What both approaches share is intolerance for mystery. Modernism gave humanity a sense that everything was knowable – from the way the stars moved to the way life was created, right down to the origins of the universe. It created a built-in hubris and a confidence that we could know anything. This sense became part of the background of human thought, and is the underlying assumption of both liberalism and modernism. Liberals drain the Scriptures of their mystery by taking on an authority over Scripture, using an exacto knife to remove anything inconvenient or unverifiable via scientific inquiry. Fundamentalists remove mystery via literalism, and thus the “behemoth” in Job is obviously a dinosaur, or – as in the case of the book of Revelation – mystery is resolved with crude, two-dimensional allegorical interpretations, in which this mythic creature is ‘obviously’ that historical figure. (I’m reminded of 30 Rock’s Kenneth Parcel who once said, “My favorite subject in school was Science, where we studied the Old Testament.”)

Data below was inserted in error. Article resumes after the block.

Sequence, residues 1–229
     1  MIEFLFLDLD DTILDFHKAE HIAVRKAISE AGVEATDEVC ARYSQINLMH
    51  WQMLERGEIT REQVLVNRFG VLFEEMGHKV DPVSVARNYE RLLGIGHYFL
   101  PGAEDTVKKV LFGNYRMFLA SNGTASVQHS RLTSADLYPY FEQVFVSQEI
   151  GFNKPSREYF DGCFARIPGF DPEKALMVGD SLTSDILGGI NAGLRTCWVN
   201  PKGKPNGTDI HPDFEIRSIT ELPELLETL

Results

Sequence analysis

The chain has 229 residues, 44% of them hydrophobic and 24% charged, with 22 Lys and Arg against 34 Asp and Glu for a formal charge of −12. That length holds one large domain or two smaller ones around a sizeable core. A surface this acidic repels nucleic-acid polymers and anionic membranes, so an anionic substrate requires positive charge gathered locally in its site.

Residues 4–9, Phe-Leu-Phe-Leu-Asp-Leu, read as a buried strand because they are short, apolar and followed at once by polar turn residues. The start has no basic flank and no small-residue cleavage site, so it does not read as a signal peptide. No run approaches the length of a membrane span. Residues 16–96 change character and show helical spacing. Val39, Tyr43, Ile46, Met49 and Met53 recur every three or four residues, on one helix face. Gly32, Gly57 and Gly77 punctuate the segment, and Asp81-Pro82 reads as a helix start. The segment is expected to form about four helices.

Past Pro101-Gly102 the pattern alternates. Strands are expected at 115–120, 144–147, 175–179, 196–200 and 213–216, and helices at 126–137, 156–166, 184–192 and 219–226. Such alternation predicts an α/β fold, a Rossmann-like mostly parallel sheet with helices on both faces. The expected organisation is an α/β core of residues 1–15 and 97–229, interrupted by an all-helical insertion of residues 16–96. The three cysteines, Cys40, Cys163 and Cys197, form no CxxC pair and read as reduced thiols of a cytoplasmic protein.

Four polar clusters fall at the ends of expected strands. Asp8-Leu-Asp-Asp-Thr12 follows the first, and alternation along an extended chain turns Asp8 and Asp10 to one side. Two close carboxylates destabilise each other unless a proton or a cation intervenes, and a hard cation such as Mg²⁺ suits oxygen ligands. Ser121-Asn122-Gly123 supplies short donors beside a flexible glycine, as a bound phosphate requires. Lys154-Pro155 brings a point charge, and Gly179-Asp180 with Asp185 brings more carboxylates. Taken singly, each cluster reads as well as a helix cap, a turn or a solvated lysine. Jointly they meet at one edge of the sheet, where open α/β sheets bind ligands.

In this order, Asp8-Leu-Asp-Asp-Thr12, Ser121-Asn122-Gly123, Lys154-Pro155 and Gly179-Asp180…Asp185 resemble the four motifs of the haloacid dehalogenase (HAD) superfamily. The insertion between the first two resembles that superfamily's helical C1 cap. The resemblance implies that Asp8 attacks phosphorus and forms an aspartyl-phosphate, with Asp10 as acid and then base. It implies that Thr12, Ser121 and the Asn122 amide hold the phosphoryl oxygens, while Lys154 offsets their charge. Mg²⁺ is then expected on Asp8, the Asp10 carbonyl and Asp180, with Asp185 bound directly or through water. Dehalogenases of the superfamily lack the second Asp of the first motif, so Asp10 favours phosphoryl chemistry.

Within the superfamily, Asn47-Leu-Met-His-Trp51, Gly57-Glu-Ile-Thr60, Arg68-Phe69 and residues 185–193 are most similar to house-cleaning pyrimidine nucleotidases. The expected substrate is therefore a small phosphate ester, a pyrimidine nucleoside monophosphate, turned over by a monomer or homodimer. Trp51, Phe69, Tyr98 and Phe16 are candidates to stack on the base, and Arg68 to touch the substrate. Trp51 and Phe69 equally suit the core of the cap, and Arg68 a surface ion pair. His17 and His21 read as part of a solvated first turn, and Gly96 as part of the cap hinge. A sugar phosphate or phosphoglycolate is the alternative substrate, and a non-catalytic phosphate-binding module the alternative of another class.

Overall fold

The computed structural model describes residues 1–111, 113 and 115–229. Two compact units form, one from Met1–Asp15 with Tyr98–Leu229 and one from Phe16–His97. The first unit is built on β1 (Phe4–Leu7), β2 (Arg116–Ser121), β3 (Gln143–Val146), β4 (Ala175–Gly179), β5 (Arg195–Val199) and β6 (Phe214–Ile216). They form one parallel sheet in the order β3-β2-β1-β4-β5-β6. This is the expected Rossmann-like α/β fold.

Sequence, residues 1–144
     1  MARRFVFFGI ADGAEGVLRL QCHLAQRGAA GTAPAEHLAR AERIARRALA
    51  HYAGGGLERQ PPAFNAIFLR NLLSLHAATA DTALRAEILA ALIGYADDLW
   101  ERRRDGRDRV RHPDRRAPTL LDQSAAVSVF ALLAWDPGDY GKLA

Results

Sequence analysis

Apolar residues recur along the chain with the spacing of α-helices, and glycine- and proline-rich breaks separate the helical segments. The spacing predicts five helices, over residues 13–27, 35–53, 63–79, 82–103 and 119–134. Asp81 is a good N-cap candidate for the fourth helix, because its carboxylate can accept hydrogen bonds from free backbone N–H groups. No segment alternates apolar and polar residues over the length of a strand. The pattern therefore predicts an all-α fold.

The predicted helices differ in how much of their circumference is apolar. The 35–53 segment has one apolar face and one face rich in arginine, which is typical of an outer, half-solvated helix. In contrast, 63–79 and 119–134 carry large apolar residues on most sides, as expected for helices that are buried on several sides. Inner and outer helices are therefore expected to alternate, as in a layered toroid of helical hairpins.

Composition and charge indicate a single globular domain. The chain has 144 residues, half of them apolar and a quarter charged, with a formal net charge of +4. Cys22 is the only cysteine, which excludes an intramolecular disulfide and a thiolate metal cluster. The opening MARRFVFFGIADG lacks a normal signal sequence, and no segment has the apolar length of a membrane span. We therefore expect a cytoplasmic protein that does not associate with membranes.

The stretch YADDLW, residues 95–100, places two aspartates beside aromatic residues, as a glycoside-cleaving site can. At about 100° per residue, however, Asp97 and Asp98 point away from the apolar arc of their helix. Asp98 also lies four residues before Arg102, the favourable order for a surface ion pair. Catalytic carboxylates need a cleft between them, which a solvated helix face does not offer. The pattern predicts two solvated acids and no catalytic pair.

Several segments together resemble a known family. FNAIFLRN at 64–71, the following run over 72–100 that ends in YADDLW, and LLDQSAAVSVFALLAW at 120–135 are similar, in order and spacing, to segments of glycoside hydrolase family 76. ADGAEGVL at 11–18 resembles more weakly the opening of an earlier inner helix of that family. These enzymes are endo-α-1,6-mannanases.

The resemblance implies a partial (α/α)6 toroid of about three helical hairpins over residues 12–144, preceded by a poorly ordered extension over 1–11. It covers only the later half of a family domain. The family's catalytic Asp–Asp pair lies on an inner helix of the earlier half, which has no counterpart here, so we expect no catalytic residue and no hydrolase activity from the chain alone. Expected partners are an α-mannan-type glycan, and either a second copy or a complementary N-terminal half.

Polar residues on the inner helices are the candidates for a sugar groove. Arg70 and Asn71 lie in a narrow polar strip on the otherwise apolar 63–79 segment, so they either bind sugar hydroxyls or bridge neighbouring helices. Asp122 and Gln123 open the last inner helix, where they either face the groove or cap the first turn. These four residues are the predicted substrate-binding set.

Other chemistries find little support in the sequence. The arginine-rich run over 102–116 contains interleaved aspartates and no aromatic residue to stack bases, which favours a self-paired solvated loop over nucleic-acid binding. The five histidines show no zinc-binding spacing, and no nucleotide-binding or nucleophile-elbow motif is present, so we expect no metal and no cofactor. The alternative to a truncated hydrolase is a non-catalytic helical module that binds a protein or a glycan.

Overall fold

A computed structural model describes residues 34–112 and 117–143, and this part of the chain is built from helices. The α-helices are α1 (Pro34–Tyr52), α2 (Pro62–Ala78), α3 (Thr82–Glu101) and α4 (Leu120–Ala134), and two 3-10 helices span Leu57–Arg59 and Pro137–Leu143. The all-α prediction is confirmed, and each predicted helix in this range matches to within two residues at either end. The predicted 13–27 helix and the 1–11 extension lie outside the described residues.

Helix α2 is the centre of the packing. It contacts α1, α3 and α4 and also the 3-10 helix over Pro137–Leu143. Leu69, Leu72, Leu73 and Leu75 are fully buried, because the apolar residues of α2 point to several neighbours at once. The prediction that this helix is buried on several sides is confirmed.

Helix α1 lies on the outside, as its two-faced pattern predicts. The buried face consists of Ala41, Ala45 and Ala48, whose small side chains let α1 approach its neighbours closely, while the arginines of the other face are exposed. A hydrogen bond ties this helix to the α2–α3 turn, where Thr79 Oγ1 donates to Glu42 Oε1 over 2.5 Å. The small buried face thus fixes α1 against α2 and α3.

What’s important to note is that liberalism and fundamentalism are more than just ideas or movements; they are impulses, shaped by a common cultural background. It’s not enough to make counterarguments (plenty of these exist, and the whole evangelical movement was intended to be a healthy reaction to both liberalism and fundamentalism); we have to understand that they’re less like a belief and more like a gravitational pull. We default towards skepticism or rigid literalism.
I think we’re living at a time where these impulses remain strong, but find themselves in tension with a growing reactionary impulse. This new strain is suspicious of both camps because it’s suspicious of certainty. Where Christians in the past had to do battle with angry atheists armed with intensely rational arguments, we’re increasingly encountering people whose posture is apathy and malaise. There’s still a broad sense of spiritual discontentment in the world, but rather than seeking to resolve that discontentment by getting questions answered, they’re looking for resolution in their experiences and in their relationships. So rather than try to make a case for the truth of Scripture, our challenge might be to make the case for the beauty of Scripture and the beauty of the biblical account for the world.